Touting a 12-year-old student he mentors who is currently pursing a graduate degree in engineering, Bailey said he’d work to tap new resources for the area’s youth by working closely with the University of Chicago.

Taylor said she’d push for a moratorium on charter schools, would use tax-increment financing (TIF) dollars to fund neighborhood schools and would work closely with principals, parents and Local School Councils to ensure their needs are addresses.

Maddox again brought up the importance of afterschool programs like Future Ties, adding that she would also work closely with principals and would host workshops for parents.

Attorney Quandra Speights pledged to repurpose shuttered schools and create community committees to address specific needs in the ward.

Maya Hodari, co-founder of the Woodlawn Neighbors Association, said she would hold monthly taskforce meetings to assess neighborhood needs and would work to ensure school curriculum meets the needs of neighborhood students.

CPS monitoring social media accounts

Calling the practice as invasion of privacy, all of the 20th Ward candidates said Chicago Public Schools staff shouldn’t be tracking student activity on social media platforms.

Over the past four school years, more than 700 CPS students have been called into interventions based on their social media activity, according to a recent ProPublica Illinois and WBEZ investigation. CPS officials say they are doing it to quell gang violence in schools, but critics are raising concerns about the monitoring.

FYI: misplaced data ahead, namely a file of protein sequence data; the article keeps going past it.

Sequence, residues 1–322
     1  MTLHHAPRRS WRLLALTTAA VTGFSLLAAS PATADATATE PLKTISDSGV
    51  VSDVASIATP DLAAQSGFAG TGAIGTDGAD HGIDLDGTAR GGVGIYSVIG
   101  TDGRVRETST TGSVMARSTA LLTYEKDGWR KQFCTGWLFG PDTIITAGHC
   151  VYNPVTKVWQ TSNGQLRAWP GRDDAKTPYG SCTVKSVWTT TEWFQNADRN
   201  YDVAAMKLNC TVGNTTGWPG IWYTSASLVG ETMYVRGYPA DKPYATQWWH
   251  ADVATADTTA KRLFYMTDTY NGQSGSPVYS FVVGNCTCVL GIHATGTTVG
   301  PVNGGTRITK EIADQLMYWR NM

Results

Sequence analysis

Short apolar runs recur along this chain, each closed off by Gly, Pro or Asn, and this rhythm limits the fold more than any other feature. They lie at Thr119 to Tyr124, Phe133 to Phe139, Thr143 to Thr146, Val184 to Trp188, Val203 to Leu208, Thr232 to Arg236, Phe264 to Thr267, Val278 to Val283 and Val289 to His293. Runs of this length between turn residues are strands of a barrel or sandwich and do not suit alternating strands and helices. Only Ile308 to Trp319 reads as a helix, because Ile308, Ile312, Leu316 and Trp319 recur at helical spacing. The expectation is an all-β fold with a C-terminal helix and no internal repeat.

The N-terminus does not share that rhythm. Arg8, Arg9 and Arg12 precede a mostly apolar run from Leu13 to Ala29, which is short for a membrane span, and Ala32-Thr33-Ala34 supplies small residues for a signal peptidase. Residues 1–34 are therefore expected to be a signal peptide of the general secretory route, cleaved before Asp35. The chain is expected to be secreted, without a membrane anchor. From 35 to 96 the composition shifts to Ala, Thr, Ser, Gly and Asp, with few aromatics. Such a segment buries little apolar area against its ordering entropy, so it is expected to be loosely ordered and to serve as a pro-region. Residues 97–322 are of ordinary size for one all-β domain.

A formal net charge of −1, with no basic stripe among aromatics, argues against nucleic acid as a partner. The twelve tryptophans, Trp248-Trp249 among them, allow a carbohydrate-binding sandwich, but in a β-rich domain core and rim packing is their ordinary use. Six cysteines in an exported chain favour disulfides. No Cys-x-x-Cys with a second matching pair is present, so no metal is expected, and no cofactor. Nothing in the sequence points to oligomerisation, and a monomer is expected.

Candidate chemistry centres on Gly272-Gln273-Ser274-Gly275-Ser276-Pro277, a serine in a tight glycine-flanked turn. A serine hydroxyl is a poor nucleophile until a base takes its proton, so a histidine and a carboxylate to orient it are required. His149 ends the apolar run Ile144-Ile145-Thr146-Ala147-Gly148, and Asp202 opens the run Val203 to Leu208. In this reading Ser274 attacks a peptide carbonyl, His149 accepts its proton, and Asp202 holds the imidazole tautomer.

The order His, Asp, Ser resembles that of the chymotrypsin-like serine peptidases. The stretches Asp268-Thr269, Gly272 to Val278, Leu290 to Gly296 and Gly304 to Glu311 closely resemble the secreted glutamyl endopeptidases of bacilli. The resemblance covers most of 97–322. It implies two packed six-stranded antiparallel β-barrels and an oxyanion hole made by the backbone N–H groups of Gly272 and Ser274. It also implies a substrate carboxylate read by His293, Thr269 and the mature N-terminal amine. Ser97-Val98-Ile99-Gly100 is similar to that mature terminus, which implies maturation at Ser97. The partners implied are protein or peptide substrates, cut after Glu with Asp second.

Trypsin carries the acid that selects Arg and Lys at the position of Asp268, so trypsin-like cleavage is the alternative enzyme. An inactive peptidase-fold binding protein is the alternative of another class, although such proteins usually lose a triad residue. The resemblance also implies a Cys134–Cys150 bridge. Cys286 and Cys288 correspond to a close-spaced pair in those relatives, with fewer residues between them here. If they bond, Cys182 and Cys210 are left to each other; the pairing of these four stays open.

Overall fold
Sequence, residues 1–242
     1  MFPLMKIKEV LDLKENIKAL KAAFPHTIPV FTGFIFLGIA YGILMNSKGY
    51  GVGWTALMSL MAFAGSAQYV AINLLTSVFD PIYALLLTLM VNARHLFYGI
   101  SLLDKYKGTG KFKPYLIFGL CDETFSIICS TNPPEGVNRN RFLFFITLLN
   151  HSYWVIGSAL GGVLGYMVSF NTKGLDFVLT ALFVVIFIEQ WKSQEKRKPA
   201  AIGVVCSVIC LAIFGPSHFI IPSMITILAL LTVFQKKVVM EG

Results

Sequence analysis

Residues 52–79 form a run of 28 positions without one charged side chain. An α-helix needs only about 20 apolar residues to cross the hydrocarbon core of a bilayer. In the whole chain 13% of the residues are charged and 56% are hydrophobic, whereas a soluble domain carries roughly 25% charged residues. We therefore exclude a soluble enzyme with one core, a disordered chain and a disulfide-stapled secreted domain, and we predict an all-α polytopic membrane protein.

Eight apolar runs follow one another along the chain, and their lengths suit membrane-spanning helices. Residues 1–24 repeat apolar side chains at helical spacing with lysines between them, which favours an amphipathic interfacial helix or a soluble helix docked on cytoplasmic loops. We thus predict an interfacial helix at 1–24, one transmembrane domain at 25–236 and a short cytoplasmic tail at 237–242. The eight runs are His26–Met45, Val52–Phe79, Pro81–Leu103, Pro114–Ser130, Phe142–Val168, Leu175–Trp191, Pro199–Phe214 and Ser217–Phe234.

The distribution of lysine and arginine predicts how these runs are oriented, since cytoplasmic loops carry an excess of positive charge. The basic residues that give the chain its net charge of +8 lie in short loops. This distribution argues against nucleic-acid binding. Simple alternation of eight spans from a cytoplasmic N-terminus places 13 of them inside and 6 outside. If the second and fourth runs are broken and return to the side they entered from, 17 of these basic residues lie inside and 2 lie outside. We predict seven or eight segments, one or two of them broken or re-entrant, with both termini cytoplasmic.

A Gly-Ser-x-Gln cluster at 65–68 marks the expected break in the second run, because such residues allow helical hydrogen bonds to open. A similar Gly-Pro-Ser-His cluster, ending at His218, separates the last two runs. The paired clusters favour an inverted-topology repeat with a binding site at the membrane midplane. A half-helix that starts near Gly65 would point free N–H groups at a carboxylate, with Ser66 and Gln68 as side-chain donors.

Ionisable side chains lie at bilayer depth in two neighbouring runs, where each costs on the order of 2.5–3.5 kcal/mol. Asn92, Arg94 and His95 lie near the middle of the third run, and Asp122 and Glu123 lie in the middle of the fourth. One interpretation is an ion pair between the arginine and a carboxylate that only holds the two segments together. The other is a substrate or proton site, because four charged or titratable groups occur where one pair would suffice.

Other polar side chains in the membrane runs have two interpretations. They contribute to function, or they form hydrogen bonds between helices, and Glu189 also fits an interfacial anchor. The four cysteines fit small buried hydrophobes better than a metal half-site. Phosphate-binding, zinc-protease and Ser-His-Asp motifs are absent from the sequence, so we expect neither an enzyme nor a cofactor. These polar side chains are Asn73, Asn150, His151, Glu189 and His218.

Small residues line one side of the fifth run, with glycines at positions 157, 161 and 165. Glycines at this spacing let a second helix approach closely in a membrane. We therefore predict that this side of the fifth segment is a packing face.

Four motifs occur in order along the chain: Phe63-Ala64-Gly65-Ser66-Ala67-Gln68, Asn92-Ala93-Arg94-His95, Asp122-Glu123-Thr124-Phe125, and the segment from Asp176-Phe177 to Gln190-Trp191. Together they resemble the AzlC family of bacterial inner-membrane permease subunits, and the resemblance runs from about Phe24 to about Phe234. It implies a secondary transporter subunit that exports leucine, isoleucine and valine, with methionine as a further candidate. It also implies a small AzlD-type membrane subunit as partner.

Maddox said monitoring social media should start at home.

“Parents need to monitor their kids’ social media pages. I have a 32- and a 30-year-old and I still monitor their social media pages,” said Maddox, eliciting chuckles from the audience. “We know that this is how conflict arises.”

Driver and Johnson also called on Chicago Police to end the gang database, too, a database that is riddled with errors.

Speights was the lone dissenter, saying the gang database needs to be accurate, and to that end, she would work with Chicago Police to improve its accuracy.

Getting to school safely

All of the candidates believe in supporting existing programs to help students get to and from school safely, acknowledging that while the Safe Passage program has been effective, more resources are needed.

In addition to repurposing shuttered school buildings, Driver said he’d create a youth council backed by the alderman’s office to mediate conflicts.

Speights added that she’d make sure that Safe Passage workers get paid in a timely manner, which has been an ongoing issue for some employees.

Maddox said she’d reassess Safe Passage policies so workers would be allowed to help kids cross the street, something that isn’t currently allowed.

Calling high school teens the most vulnerable of all students, Hodari said she’d work to identify the students who travel outside of the ward for school to help them arrive safely. She’d also push charter schools to make admitting neighborhood students a priority.

Johnson said she’d lobby the state legislature to fund bussing and would work to create dedicated public transit options for high school students.

The nine candidates — thinned from a crowd of 15 — all hope to replace current Ald. Willie Cochran, who is awaiting trial on corruption charges and is not seeking re-election.

The 20th Ward includes all or parts of Washington Park, Woodlawn, West Englewood, Back of the Yards and Park Manor

Watch the entire forum here:

RELATED: Everything You Need To Vote On Feb. 26